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Mango farmer mentored on canopy management and best practices by ACIAR-PCAARRD project experts

Published: Thursday, 26 November 2015 01:49 

Written by Allan B. Siano, Renelle Comia-Yebron, DOST-PCAARRD S&T Media Service

Allan B. Siano (leftmost), DOST-PCAARRD Manager of the Industry Strategic S&T Program for Mango, with ACIAR representatives and local team of the ACIAR- PCAARRD project on Integrated Crop Management on Mango during the monitoring and field visit in the Island Garden City of Samal. (Photo by Allan B. Siano)

Experts of the Integrated Crop Management project on mango of the Australian Centre for International Agricultural Research (ACIAR) and the Philippine Council for Agriculture, Aquatic and Natural Resources Research and Development of the Department of Science and Technology (DOST-PCAARRD) recently shared canopy management strategies and best practices to farmer cooperator Gerinio Macatual of Brgy. Tambo, Island Garden City of Samal.

The activity is part of the monitoring and field visit for the mango project funded by ACIAR and DOST-PCAARRD.

Experts from ACIAR included Dr. Ian Newton, Australian Project Leader and Dr. Paula Ibell, Australian Collaborating Scientist from the Queensland Department of Agriculture and Fisheries. Dr. Anastacia Notarte, Provincial Agriculturist of Davao del Norte and Collaborating Scientist of the project, also assisted the project experts.


Dr. Paula Ibell, Australian Collaborating Scientist from the Queensland Department of Agriculture and Fisheries, showed the farmer cooperator samples of tree architecture and canopy management strategies being done in Australia. (Photo by Allan B. Siano)

The farmer cooperator was taught how to properly prune mango trees for improved production. Moreover, he was also shown samples of tree architecture and canopy management strategies that are being done in Australia.

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While "Flavor" is very subjective, and each country that grows mangoes is very nationalistic, these are the mango varieties that are the most sought after around the world because of sweetnesss (Brix) and demand.

The Chaunsa has a Brix rating in the 22 degree level which is unheard of!
Carabao claims to be the sweetest mango in the world and was able to register this in the Guiness book of world records.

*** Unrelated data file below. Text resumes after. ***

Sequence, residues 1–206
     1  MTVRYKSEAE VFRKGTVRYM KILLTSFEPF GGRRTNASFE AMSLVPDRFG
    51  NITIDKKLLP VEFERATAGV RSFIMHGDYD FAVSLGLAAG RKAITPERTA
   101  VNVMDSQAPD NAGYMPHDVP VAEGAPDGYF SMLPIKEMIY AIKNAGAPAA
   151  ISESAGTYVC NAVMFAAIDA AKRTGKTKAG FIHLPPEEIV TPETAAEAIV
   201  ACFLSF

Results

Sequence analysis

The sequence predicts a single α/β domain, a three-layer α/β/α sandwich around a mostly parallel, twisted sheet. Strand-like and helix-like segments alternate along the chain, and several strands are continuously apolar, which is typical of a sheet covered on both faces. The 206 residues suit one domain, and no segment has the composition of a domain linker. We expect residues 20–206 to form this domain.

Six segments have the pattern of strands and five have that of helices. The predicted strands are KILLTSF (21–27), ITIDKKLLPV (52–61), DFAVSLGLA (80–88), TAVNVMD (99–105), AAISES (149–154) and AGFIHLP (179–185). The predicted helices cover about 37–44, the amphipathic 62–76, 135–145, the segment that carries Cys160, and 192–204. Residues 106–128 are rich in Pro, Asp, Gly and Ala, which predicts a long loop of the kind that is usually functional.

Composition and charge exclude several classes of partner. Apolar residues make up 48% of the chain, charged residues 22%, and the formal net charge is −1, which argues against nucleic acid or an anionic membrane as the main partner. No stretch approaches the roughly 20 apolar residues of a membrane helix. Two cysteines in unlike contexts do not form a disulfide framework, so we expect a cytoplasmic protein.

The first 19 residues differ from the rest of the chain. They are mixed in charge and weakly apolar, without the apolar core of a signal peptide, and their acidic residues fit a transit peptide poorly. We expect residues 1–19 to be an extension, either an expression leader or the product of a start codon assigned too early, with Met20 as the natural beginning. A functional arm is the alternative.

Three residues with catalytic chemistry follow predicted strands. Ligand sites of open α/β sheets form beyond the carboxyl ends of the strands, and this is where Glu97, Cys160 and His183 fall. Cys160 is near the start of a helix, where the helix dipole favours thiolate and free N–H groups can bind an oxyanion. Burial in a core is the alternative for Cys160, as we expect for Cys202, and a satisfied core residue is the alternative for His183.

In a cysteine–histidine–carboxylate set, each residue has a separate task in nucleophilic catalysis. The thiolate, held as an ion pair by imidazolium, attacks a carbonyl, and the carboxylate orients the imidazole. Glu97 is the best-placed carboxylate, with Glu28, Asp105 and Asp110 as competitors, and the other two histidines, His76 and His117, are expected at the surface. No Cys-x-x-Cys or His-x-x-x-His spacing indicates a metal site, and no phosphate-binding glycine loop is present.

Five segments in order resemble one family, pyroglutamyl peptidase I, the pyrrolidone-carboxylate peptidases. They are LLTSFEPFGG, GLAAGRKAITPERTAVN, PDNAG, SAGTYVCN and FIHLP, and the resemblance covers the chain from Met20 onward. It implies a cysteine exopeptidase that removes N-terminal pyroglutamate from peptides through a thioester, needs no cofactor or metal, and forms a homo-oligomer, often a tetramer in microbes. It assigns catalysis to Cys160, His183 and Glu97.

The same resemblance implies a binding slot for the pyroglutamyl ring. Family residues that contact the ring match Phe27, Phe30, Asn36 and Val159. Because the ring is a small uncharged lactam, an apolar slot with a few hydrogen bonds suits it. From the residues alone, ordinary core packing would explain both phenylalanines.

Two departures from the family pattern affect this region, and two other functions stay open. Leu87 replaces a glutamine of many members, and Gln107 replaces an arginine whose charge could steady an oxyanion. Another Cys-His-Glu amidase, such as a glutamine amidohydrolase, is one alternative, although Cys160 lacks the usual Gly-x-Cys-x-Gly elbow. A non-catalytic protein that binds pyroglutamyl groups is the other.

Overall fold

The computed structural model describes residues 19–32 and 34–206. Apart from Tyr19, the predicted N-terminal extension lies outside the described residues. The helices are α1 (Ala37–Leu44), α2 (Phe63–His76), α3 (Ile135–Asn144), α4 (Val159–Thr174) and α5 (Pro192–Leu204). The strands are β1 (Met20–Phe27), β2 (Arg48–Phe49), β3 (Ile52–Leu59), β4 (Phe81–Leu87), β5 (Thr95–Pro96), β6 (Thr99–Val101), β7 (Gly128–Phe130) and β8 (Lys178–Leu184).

Perhaps it is time for a GLOBAL taste test ???

In alphabetical order by Country....



Alphonso (mango)
From Wikipedia, the free encyclopedia

Alphonso (हापुस Haapoos in Marathi, હાફુસ in Gujarati, ಆಪೂಸ್ Aapoos in Kannada) is a mango cultivar that is considered by many[who?] to be one of the best in terms of sweetness, richness and flavor. 

It has considerable shelf life of a week after it is ripe making it exportable. 

It is also one of the most expensive kinds of mango and is grown mainly in Kokan region of western India.

 It is in season April through May and the fruit wei…

INDIA 2016 : Mango production in state likely to take a hit this year

TNN | May 22, 2016, 12.32 PM IST

Mangaluru: Vagaries of nature is expected to take a toll on the production of King of Fruits - Mango - in Karnataka this year. A combination of failure of pre-monsoon showers at the flowering and growth stage and spike in temperature in mango growing belt of the state is expected to limit the total production of mango to an estimated 12 lakh tonnes in the current season as against 14 lakh tonnes in the last calendar year.

However, the good news for fruit lovers is that this could see price of mangoes across varieties decrease marginally by 2-3%. This is mainly on account of 'import' of the fruit from other mango-growing states in India, said M Kamalakshi Rajanna, chairperson, Karnataka State Mango Development and Marketing Corporation Ltd.

Karnataka is the third largest mango-growing state in India after Uttar Pradesh and Maharashtra.

Inaugurating a two-day Vasanthotsava organized by Shivarama Karantha Pilikula Nisargadhama and the Corporation at P…

Mangoes date back 65 million years according to research ...

Experts at the Birbal Sahni Institute of Palaeobotany (BSIP) here have traced the origin of mango to the hills of Meghalaya, India from a 65 million year-old fossil of a mango leaf. 

The earlier fossil records of mango (Mangifera indica) from the Northeast and elsewhere were 25 to 30 million years old. The 'carbonized leaf fossil' from Damalgiri area of Meghalaya hills, believed to be a mango tree from the peninsular India, was found by Dr R. C. Mehrotra, senior scientist, BSIP and his colleagues. 

After careful analysis of the fossil of the mango leaf and leaves of modern plants, the BISP scientist found many of the fossil leaf characters to be similar to mangifera.

An extensive study of the anatomy and morphology of several modern-day species of the genus mangifera with the fossil samples had reinforced the concept that its centre of origin is Northeast India, from where it spread into neighbouring areas, says Dr. Mehrotra. 

The genus is believed to have disseminated into neighb…